- Public workers would be prohibited from striking (safety forces are prohibited; this would apply to non-safety employees
- Removal of the “seniority” level of length of service when determining layoffs and merit earnings
- The requirement of performance/merit-based pay for teachers
- Allowing public employers to refuse bargaining on hours, terms of employment and wages.
Ohio’s Senate Bill 5: Among other things, a “no” vote on Issue 2 would …
Repeal the law (as it currently is); section 4117.08 of the Ohio Revised Code, pertaining to public sector employees. For more information on the Public Employees' Collective Bargaining law, visit http://codes.ohio.gov/orc/4117.08. Public sector employees would not be restricted in their bargaining processes (based on the wording of the current law) or be required to pay for a portion of benefits unless contractually obligated.
More Senate Bill 5 Information
Senate Bill 5 contains about 300 pages; interpretations of the law vary (as do the political ads that fuel both sides of the fence). For more information on the “cut and dry” and presumably unbiased interpretations of the issue, visit www.politifact.com/ohio. Search “Issue 2” for a breakdown on what advertisements are saying in an effort to get your support.
The Ohio Revised Code section on Public Employees’ Collective Bargaining (http://codes.ohio.gov/orc/4117.08) specifies the current law that was signed in March.
*Senate Bill 5 does not eliminate insurance coverage or pension money to government employees. It does ask them to contribute 15 percent or more of their earnings to pay toward the insurance and 10 percent toward pensions. Currently, taxpayers pay for all of it. (If you think employees should pay toward their health insurance costs and pension contributions, vote Yes. If you think complete health care costs and pension contributions should be included in the workers’ benefits packages, vote No).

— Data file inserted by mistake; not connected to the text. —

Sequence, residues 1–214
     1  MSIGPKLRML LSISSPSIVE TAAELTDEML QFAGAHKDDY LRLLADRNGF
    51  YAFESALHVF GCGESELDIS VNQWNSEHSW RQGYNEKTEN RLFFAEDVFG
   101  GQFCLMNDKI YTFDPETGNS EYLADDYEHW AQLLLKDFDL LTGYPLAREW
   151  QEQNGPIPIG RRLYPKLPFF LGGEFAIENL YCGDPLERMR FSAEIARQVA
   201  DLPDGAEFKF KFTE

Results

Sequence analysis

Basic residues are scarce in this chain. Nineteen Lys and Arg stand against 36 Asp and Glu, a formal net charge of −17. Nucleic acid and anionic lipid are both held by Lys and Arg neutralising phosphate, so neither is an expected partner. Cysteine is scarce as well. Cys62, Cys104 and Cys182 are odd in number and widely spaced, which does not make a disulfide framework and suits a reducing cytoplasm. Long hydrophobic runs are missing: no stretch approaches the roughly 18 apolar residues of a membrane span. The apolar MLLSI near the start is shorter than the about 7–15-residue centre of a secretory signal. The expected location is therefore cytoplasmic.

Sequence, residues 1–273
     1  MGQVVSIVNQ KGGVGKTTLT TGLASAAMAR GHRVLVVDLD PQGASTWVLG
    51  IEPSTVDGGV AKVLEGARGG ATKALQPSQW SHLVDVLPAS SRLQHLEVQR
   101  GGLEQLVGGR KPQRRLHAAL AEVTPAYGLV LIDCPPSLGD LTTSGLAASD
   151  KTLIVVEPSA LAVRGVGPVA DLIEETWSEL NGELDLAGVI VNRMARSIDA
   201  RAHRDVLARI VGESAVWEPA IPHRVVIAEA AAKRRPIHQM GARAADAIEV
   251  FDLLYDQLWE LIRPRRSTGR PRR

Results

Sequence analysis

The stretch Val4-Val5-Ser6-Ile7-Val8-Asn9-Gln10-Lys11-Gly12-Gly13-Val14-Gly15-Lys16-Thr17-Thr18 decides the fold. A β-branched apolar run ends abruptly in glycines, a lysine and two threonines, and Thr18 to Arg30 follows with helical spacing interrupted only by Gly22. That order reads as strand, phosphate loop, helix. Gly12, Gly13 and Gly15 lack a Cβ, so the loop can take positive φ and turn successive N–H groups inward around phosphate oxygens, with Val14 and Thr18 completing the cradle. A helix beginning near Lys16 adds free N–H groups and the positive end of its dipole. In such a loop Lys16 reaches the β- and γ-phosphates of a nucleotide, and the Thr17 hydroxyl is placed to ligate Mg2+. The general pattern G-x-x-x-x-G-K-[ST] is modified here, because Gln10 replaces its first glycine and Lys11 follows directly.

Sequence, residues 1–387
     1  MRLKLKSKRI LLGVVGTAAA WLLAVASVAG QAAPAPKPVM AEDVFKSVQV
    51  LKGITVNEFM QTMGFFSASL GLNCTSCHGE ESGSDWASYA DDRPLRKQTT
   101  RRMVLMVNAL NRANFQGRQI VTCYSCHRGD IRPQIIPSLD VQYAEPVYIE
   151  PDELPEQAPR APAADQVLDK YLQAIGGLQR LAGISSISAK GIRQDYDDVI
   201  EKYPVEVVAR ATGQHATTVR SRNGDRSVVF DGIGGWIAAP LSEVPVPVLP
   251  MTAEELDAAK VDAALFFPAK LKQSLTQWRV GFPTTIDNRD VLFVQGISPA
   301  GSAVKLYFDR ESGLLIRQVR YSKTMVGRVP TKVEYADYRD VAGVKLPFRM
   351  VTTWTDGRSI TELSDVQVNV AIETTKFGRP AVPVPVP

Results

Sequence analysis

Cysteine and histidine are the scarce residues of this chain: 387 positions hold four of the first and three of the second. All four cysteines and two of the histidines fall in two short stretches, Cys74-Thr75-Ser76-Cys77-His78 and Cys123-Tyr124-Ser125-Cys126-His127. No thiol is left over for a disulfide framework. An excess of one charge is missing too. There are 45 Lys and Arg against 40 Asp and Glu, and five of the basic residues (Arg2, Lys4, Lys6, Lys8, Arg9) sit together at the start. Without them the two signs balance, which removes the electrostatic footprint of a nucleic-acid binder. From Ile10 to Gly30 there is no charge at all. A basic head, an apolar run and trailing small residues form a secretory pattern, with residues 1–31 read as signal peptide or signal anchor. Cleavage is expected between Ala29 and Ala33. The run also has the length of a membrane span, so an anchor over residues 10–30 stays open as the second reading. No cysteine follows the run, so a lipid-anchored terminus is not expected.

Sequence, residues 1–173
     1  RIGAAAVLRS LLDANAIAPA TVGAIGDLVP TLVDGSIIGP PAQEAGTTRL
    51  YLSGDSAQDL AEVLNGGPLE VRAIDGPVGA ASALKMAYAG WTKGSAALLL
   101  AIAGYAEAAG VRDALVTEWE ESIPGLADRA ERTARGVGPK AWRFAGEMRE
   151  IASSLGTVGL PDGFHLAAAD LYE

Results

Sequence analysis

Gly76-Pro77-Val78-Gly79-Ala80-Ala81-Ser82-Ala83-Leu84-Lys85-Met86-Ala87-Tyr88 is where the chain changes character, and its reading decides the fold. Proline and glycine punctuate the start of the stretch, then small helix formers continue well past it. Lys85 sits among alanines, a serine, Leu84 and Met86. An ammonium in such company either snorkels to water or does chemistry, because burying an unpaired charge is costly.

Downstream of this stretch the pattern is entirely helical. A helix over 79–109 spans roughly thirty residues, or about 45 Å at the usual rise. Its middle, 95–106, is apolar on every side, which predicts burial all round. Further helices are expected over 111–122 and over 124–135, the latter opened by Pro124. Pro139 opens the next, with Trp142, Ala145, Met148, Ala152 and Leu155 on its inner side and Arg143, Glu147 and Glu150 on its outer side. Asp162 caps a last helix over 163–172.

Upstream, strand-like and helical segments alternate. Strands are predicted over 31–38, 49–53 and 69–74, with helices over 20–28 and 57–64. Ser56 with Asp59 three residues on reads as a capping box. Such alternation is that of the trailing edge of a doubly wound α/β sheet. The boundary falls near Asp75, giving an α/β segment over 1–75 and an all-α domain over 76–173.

* If the law is not repealed, government employees (fire and police workers, public schoolteachers, prison guards and others who are paid with taxpayer dollars) would have "weaker" positions when bargaining with the state because management must agree to talk about certain topics — these topics could be eliminated from the bargaining process. (If you think public sector employees (unions) should be able to fully negotiate their contracts, vote No. If you think public sector management should have the final say on what can be negotiated, vote Yes).
Hello, Teri here … In general, when I write an article, I want it to be “evergreen” — something that would be just as topical and current in 10 years as it is today. But when it comes to voting, it is important to know as much as possible about the issues — and all their angles.
Remember … vote the way YOU want to vote. It’s not always easy, but learn the facts about any and all issues. No one can tell you what to think or how to vote. It is YOUR decision, no one else’s. Of course I have my own opinion — which I won’t share with you here — but because I am a trained and experienced journalist, I strive to present information without bias. I hope voters will read everything they can about both sides of any and all issues before choosing. I hope all voters will choose their positions based on facts — not propaganda. I hope that all of us will be informed voters and ignore all the “polls” that claim support or failure of an issue or candidate before the votes are tallied. Election Day is OUR day!
Advertisements ... including political issues ... on this and other web content pages are placed by outside sources (Google, HubPages, etc). Advertisements (for or against anything) are not controlled by nor do they reflect the opinion of the author.
More by this Author
Major League Baseball is woven into America’s long and diverse historical tapestry. Here's a look at teams of today and yesteryear.
Caring for “senior” cats can sometimes be a challenge, but your furry family member is depending on you. Love your kitty!
Oh, those Saturday mornings when we couldn’t wait to get out of bed and turn on the television -- it was cartoon time!